How Prospective Parents Research and Choose Schools

This post is a continuation of one I wrote in March 2016, called Why parents choose private schools (implications on school marketing). In that post, I looked at the research behind why parents opt for a specific school (in that case, private) Now, this post is geared towards researching how parent research and select schools for their children. In other words, what are the tools and methods used by parents to select the proper school for their children?

Information influences parents

When presented with information about a school, parents tend to change their decision making to reflect what they have learned. A study of 1700 parents from the Center for Education Policy Analysis at Stanford University showed that there was a statistically significant effect from the information, as parents enrolled their children in higher achieving schools compared to other parents [1]. It should be noted that most schools have a plethora of information to share with prospective parents, but do they share it the right way? Schools should have a strong web presence with enough information on it for parents to make a complete decision when looking at the site. Schools should not skimp on fully fleshed-out printed materials as well. 

How do parents use online tools?

According to an October 2013 Great Schools Annual Brand Survey, parents were asked why they were researching schools online. The answers were as follows: 52% were looking online for school's ranking and reputation while the rest were looking for information for a school switch. This piece of information is important since content online should be controlled carefully, especially relating to the school's reputation. [2]

What do parents look for when researching schools ?

This question is the heart of the matter since criteria can vary according to parent population, but another Great School Survey shows that parents evaluate school quality by looking at a number of points:

  • teacher quality (76%) : Do the schools have quality teachers? This can be reflected in the teacher's credentials and expertise.
  • curriculum and academics (68%) : Does the school have a robust curriculum? Does the curriculum align with the parent's values? 
  • school safety (58%) : Is the school safe for their child(ren)? Does the school have communication procedures/safety procedures in place?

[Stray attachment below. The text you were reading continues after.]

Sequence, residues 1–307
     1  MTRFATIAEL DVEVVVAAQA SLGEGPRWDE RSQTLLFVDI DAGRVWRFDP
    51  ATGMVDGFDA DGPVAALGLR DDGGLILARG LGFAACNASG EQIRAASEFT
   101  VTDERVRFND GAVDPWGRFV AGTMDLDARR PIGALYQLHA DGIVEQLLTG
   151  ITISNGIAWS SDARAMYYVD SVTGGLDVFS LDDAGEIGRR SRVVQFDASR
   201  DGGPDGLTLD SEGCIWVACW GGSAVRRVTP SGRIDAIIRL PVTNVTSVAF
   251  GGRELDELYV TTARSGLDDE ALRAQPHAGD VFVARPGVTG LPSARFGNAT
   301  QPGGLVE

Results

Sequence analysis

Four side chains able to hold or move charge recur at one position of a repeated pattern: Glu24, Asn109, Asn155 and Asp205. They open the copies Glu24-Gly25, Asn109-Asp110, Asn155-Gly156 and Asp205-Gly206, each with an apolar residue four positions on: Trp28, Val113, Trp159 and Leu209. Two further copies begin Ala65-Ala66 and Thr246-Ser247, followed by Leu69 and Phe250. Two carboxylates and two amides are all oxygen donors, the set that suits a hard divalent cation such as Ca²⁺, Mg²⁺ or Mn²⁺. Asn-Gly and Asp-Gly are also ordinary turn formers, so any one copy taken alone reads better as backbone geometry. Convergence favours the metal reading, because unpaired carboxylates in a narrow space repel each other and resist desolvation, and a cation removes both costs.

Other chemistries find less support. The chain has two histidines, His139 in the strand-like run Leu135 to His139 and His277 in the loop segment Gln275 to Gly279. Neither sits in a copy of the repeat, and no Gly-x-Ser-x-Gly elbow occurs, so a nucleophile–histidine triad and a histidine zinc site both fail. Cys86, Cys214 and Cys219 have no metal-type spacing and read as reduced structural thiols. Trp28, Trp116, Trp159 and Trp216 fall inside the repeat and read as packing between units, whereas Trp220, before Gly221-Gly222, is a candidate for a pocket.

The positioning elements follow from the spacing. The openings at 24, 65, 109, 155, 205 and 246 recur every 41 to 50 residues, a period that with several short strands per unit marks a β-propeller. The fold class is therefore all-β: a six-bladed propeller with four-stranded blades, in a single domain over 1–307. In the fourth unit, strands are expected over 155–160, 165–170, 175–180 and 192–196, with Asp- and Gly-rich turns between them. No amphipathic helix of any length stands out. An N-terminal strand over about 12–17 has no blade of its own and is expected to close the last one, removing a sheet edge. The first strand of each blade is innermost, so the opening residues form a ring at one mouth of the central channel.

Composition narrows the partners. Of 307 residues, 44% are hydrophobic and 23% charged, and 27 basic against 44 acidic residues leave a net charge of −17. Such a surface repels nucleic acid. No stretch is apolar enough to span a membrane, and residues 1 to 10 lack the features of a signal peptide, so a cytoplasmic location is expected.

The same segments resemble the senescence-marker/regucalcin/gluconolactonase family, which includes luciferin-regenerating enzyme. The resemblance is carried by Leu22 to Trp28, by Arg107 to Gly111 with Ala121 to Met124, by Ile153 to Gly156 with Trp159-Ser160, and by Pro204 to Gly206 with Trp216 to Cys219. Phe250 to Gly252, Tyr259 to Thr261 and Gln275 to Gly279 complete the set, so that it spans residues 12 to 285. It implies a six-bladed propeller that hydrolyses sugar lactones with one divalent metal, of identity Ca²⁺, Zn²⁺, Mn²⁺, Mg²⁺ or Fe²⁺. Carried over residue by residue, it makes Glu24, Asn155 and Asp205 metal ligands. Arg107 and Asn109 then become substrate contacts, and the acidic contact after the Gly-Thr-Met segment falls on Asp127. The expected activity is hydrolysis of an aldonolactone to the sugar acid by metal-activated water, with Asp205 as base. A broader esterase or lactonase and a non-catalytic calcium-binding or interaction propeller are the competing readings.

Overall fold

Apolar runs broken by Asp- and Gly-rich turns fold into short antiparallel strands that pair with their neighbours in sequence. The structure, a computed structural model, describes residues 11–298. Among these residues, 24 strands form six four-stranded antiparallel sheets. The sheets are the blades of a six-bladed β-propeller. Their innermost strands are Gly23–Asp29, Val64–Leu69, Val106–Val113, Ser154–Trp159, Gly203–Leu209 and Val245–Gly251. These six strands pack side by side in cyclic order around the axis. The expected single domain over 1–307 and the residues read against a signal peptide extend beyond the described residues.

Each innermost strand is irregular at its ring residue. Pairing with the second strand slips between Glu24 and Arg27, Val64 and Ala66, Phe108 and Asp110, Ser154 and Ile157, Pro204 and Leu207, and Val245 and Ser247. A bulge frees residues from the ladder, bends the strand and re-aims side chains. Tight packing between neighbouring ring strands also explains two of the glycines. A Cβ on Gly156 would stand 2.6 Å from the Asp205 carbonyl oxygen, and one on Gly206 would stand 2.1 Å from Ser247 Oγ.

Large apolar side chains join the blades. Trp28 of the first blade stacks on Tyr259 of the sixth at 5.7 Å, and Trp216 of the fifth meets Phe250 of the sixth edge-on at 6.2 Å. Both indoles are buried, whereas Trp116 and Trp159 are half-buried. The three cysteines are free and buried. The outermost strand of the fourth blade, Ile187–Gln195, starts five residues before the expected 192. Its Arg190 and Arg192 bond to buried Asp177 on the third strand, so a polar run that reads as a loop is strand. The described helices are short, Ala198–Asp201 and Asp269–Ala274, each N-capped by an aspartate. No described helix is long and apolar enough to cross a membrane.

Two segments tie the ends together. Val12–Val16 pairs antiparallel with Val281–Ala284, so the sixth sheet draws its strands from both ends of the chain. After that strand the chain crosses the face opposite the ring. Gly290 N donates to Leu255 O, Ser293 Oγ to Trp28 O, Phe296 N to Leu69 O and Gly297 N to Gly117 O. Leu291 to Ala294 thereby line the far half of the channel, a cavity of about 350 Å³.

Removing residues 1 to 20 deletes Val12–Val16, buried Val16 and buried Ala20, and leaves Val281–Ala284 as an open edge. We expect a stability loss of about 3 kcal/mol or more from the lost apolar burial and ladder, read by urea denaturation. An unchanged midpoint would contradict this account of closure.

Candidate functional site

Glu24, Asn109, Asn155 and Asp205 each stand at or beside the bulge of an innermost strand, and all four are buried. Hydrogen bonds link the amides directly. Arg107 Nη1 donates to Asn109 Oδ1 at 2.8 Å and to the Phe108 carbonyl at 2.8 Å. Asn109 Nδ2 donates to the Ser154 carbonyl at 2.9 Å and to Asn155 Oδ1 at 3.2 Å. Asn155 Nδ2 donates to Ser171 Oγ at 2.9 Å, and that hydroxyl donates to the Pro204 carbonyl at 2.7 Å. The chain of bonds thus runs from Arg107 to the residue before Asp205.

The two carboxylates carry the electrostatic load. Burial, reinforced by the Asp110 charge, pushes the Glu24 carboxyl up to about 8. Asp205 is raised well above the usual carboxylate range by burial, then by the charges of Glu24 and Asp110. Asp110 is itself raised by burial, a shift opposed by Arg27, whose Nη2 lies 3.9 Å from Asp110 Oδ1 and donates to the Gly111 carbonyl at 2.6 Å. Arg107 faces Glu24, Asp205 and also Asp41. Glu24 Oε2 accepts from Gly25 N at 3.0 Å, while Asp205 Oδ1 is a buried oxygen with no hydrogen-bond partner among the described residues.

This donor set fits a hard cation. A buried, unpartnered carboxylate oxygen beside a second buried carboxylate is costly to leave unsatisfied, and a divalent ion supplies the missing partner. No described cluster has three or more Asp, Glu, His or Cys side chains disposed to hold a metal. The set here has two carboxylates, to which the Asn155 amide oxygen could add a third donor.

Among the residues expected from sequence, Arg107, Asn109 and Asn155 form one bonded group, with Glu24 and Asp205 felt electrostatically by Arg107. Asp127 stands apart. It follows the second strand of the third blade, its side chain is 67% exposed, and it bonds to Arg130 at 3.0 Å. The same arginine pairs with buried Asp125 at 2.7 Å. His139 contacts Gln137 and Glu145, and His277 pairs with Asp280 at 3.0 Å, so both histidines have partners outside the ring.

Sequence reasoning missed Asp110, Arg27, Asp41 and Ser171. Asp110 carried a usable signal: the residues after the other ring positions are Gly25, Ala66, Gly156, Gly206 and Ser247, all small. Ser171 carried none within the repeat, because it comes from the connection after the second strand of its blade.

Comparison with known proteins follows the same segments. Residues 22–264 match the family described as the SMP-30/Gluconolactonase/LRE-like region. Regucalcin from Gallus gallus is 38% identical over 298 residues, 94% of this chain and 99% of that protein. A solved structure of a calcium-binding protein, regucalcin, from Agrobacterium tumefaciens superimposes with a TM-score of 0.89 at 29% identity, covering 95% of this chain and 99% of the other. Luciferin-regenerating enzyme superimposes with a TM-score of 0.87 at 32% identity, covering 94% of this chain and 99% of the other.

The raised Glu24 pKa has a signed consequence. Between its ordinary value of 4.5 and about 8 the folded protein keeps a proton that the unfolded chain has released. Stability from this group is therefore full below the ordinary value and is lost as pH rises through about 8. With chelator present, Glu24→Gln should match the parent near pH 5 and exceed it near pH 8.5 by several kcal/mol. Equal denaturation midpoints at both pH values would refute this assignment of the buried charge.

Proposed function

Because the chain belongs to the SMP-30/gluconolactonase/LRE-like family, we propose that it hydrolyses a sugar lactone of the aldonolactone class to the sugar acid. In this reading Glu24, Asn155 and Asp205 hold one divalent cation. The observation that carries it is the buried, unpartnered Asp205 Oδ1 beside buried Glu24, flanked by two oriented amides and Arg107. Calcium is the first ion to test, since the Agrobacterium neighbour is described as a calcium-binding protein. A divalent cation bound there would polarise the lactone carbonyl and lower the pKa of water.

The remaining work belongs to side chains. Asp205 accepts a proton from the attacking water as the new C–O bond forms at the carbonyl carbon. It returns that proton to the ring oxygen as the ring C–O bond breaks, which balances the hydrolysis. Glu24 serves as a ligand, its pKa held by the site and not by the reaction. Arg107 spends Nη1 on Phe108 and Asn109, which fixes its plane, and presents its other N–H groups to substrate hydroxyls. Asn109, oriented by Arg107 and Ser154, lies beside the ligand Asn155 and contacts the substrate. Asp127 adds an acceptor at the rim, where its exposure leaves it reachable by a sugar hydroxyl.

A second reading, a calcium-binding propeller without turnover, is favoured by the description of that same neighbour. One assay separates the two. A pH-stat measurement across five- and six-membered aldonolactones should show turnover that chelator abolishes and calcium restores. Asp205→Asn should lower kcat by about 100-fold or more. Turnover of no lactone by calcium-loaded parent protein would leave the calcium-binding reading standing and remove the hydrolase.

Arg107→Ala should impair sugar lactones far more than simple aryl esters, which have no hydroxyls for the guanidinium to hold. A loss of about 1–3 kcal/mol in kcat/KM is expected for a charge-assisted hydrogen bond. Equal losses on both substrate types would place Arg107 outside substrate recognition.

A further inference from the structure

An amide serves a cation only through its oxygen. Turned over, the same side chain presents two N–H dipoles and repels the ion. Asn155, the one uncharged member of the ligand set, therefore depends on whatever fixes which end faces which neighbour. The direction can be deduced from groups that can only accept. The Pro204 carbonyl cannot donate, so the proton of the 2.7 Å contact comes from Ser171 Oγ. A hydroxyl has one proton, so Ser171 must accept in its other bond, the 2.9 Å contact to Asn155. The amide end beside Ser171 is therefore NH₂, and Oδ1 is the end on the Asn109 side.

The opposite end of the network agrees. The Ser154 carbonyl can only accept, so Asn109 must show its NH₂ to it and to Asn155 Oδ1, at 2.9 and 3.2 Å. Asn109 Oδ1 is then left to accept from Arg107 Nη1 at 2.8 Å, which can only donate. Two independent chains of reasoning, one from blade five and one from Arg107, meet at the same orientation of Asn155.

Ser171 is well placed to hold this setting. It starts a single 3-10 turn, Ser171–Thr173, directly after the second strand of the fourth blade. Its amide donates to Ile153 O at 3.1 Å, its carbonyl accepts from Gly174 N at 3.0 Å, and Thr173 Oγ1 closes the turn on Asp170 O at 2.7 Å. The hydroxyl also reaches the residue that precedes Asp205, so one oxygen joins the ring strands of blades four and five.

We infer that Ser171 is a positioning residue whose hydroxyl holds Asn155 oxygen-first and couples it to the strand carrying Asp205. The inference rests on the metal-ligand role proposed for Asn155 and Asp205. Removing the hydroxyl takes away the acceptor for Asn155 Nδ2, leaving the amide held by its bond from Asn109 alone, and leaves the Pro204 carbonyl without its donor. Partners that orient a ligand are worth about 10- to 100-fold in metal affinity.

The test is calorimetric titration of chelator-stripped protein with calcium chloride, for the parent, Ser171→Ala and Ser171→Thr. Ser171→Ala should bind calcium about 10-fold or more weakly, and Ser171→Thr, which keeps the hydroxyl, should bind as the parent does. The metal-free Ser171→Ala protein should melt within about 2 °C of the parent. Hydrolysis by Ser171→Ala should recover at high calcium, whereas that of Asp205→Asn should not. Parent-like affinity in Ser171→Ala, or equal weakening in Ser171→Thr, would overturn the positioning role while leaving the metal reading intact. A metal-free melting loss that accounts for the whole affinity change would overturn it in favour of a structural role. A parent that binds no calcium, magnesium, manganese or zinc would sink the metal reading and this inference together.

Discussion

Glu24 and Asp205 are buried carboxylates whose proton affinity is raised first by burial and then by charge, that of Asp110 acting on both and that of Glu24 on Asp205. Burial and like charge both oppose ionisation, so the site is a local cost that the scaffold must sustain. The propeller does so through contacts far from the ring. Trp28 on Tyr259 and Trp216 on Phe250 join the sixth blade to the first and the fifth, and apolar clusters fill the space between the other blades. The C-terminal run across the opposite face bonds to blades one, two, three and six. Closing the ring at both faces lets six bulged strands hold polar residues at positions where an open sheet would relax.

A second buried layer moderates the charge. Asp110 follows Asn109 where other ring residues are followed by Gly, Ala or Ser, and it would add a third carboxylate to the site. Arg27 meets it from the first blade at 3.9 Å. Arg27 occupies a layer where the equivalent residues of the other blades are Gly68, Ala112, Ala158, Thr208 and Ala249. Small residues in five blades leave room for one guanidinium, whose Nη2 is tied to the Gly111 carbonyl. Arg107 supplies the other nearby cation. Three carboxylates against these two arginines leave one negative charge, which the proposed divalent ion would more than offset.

• other criteria : test scores (43%), academic growth rates (36%), distance from their home (29%), extracurricular activities/opinion of other parents (27%), principal leadership (24%). [3]

This information is crucial since this is what parents are looking for. Schools should focus their strategic objectives towards these criteria, and help parents in making the decision to send their children to their school a lot easier.

Are online rankings important to parents? What else do they look for?

Online rankings are important to parents insofar as they are weeding out low-performing schools. This was the conclusion of a 2013 study of 1000 parents from the Center for Educational Policy Analysis at Stanford University. This is important for schools to know, since schools should prominently feature their current and past successes on platforms where there is an interaction with parents, such as the school's website, the local newspaper, social media outlets, and even broadcast TV. This study also indicated that parents focus on ideas like achievement and gains. In other words, they are looking for the answer to the question : "What will sending my child bring to him/her, and my family", in other words, what intellectual, social, emotional and spiritual gains will be obtained with an investment in time and social/economic capital in this school. 

Americans' trust in educational options

Another survey, this time from YouGov (2013), called "How Americans AssessSchool Quality" shows that there is a "statistically significant" trust gap between state schools and non-profit run schools. Americans hold considerable more trust in independently run schools, compared to their public counterparts. This "trust gap" was found regardless of gender, race, and educational attainment. Some of the results show that 18% of responders do not trust public schools "at all", compared to 7% for private non-profit schools. 

Conclusion

Prospective parents will research schools based on their reputation, students' educational achievement, and may use online tools to do this. This is lead by a distrust in state schools and a desire to see "gains" in their children. The criterion looked for the most include teacher quality, academics and safety, and a more informed perspective parent body will choose higher quality schools. Schools need to use this information to make better-informed decisions in their recruitment efforts. [4]

References

[1] The Effects of Providing Information and Support to Middle School-Choosing Families, 2010 - 2012 , Center for Education Policy Analysis, Stanford University 

http://www.greatschools.org/catalog/pdf/Effects_of_Providing_Info_to_School-Choosing_Families-Stanford_2012.pdf

[2] GreatSchools Annual Brand Tracking Survey, Oct 2013

[3] GreatSchools Annual Customer Satisfaction Survey, Jan - Feb 2013 

[4] Great Schools : How parents research and choose schools. Parents attitudes and behaviors when choosing a school, 2013 

http://www.greatschools.org/catalog/pdf/How_Do_Parents_Research_and_Choose_Schools.pdf

[5] YouGov Survey on How Americans Assess School Quality, June - July 2013, Center for Education Policy Analysis, Stanford University

http://www.greatschools.org/catalog/pdf/How_Americans_Assess_Schools_Quality-Jon_Valant_Stanford_2013.pdf